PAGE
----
Regional Intermittent Generation Limit (Permit 5)............................................................................................26
      Inter-regional Transmission (Permit 6) ..............................................................................................................26
      Impacts on Installed Capacity of Other Technologies .......................................................................................28

RECOMMENDATIONS ............................................................................................................................................28

CONCLUSIONS .........................................................................................................................................................29

                                                                                      v
LIST OF FIGURES
Figure 1. NEMS Model Structure: The EMM, RFM and WES                       3

Figure 2. Wind Resource and Electricity Supply Regions in NEMS             4

Figure 3. Wind Learning Curve Factors Through Time                        14

Figure 4. Example of Market Sharing                                       17

                                   LIST OF TABLES
Table 1.   Wind Class and Buffer Zone Definitions in NEMS                 5

Table 2.   Wind Generation Potential by Wind Class and Buffer Zone (GW)    6
              AEO99 Reference Case

Table 3.   Initial Wind Cost Variable Input Values                         7

Table 4.   National Capacity Factors by Wind Class                         7

Table 5.   EMM Time Slices for Wind Capacity Factors                       8

Table 6.   Capacity Factor Multiplier by Time Slice and Region             9

Table 7.   Wind Average Regional Capacity Factors
              AEO99 Reference Case                                        10

Table 8.   Transmission Extension Costs by Region and Buffer Zone         10

Table 9.   Wind Long-term Supply Curve Specification                      12
              AEO99 Reference Case

Table 10. Factors Affecting Capital Cost                                  13

Table 11. Wind Capital Costs (1997$/kW)                                   15
             Excluding Short-term Cost Multipliers

Table 12. Wind Regional Effective Load-Carrying Capability                16
             AEO99 Reference Case

Table 13. Variables Modified for Sensitivity Analysis                     18

Table 14. Total Installed Wind Capacity through Time (GW)                 20
             Reference Case Minus Planned Additions Scenarios

                                              vi
Table 15. Total Installed Wind Capacity through Time (GW)                 21
             Half Capital Cost Minus Planned Additions Scenarios

Table 16. Permit Scenarios Modifications                                  23

Table 17. Total Installed Wind Capacity (GW)                              23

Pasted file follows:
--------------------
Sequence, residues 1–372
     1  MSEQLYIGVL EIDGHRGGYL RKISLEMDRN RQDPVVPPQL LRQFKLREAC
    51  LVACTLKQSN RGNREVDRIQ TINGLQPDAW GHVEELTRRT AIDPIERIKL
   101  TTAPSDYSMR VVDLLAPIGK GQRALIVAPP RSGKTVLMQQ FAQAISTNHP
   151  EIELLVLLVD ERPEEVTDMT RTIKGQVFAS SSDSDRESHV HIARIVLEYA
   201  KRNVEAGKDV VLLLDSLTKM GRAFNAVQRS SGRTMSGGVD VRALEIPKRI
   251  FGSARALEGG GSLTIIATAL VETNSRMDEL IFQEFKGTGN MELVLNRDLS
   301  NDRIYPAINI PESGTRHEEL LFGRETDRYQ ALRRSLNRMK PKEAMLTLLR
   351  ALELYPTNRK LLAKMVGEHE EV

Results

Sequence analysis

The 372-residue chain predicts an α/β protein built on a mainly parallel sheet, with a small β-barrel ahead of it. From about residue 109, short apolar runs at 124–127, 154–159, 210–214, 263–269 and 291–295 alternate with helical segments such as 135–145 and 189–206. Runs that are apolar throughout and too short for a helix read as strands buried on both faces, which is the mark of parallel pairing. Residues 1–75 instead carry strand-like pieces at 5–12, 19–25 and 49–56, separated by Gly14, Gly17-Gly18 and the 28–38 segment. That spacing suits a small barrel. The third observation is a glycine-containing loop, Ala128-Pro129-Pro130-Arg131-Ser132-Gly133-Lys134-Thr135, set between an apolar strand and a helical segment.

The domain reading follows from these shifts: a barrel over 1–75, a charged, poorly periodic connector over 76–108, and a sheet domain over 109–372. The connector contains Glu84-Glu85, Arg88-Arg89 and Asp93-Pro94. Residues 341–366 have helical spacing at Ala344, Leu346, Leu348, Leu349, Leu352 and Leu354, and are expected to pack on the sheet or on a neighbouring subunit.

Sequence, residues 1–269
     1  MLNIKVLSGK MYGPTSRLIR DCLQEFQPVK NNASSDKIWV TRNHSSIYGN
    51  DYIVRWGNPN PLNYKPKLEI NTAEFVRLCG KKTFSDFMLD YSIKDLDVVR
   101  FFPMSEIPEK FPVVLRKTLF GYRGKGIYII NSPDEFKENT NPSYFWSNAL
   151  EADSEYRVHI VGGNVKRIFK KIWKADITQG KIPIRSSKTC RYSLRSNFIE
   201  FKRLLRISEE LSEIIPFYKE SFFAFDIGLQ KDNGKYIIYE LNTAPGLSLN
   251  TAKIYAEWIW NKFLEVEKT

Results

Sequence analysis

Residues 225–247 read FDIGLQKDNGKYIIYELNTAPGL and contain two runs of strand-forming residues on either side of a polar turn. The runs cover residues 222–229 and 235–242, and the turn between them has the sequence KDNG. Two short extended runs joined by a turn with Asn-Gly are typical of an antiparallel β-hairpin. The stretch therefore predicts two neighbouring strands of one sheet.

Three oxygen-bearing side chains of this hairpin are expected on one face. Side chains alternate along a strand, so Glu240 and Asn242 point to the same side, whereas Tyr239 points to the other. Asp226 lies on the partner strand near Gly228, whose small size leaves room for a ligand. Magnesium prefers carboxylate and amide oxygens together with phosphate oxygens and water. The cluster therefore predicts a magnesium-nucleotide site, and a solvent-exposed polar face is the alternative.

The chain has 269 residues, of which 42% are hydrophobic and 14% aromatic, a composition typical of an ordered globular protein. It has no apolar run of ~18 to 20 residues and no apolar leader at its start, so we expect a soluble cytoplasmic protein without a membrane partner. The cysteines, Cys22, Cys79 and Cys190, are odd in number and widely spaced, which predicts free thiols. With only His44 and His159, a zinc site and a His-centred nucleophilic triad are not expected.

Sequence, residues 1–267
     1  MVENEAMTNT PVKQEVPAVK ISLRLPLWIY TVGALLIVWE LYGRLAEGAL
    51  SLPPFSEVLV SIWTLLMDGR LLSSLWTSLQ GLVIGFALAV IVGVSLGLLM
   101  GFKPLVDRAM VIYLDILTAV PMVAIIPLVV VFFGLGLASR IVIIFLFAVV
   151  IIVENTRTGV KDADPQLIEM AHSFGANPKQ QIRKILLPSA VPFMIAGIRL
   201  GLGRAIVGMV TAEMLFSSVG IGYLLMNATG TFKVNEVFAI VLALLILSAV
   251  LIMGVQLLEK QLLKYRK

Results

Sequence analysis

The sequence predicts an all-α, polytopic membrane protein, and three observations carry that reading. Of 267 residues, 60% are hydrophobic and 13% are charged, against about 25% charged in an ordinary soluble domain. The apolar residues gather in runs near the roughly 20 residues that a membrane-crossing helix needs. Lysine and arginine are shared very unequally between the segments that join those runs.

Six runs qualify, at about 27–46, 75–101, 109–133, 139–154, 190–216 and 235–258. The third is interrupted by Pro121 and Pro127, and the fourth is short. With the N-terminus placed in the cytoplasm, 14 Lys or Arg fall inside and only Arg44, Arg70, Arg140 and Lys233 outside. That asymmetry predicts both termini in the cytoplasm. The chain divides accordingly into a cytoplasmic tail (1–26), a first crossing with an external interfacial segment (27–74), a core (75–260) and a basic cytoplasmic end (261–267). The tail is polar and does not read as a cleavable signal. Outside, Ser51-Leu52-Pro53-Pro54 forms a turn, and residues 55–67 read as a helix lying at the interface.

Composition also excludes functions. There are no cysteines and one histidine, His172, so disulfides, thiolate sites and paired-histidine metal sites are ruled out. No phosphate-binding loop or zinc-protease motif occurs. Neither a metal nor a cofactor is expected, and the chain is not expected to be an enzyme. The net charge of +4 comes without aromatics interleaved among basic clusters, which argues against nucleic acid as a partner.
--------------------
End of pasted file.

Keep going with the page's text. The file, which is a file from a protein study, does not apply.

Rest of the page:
Carbon Permit Scenarios

Table 18. Total Installed Capacity (GW) in $100/Ton Carbon Permit Cases   24
             by Technology and Region

Table 19. Regional Wind Capacity Additions 1995–2020 (GW)                 28

                                            vii
viii
INTRODUCTION

The U.S. Department of Energy’s Annual Energy Outlook 1999 (AEO99) presents forecasts of
energy supply, demand and prices through 2020 based on results from the Energy Information
Administration’s (EIA) National Energy Modeling System (NEMS). NEMS is a comprehensive
computer model of the domestic energy economy that incorporates economic, regulatory,
resource, technological and environmental data on all aspects of energy development and
consumption in the United States. Planners and decision-makers in both the public and private
sectors refer to forecasts produced by NEMS for analysis of policy initiatives.

The Reference Case forecast of the AEO99 can be viewed as a moderate case in terms of basic
economic growth and energy prices assumptions. The economy is assumed to grow at an
average annual rate of 2.1 percent over the next 20 years with overall primary energy demand
increasing at a lesser rate of 1.1 percent per year, reaching a total of 120 Quads by 2020. In this
case, gas and coal prices to consumers actually decrease slightly (0.3 and 1.3 percent,
respectively) from their 1997 values, while end-use oil prices increase only 0.3 percent per year.
In such a steady environment, there is not much change in the energy mix for new investments in
any of the sectors. In this AEO99 Reference Case, wind power is generally too expensive to
compete against other technologies such as combined cycles and combustion turbines.

In this study, we review the model structure and input data for wind power in the AEO99 version
of NEMS. 1 Several assumptions regarding the physical and economic conditions related to wind
technology and resources in NEMS can be key in governing its development. These factors are
incorporated either through cost multipliers or as constraints and they include:

•   National supply curve - increases capital cost in response to rapid, short-term growth
•   Regional supply curves - increase capital cost as more of a region's wind resource is used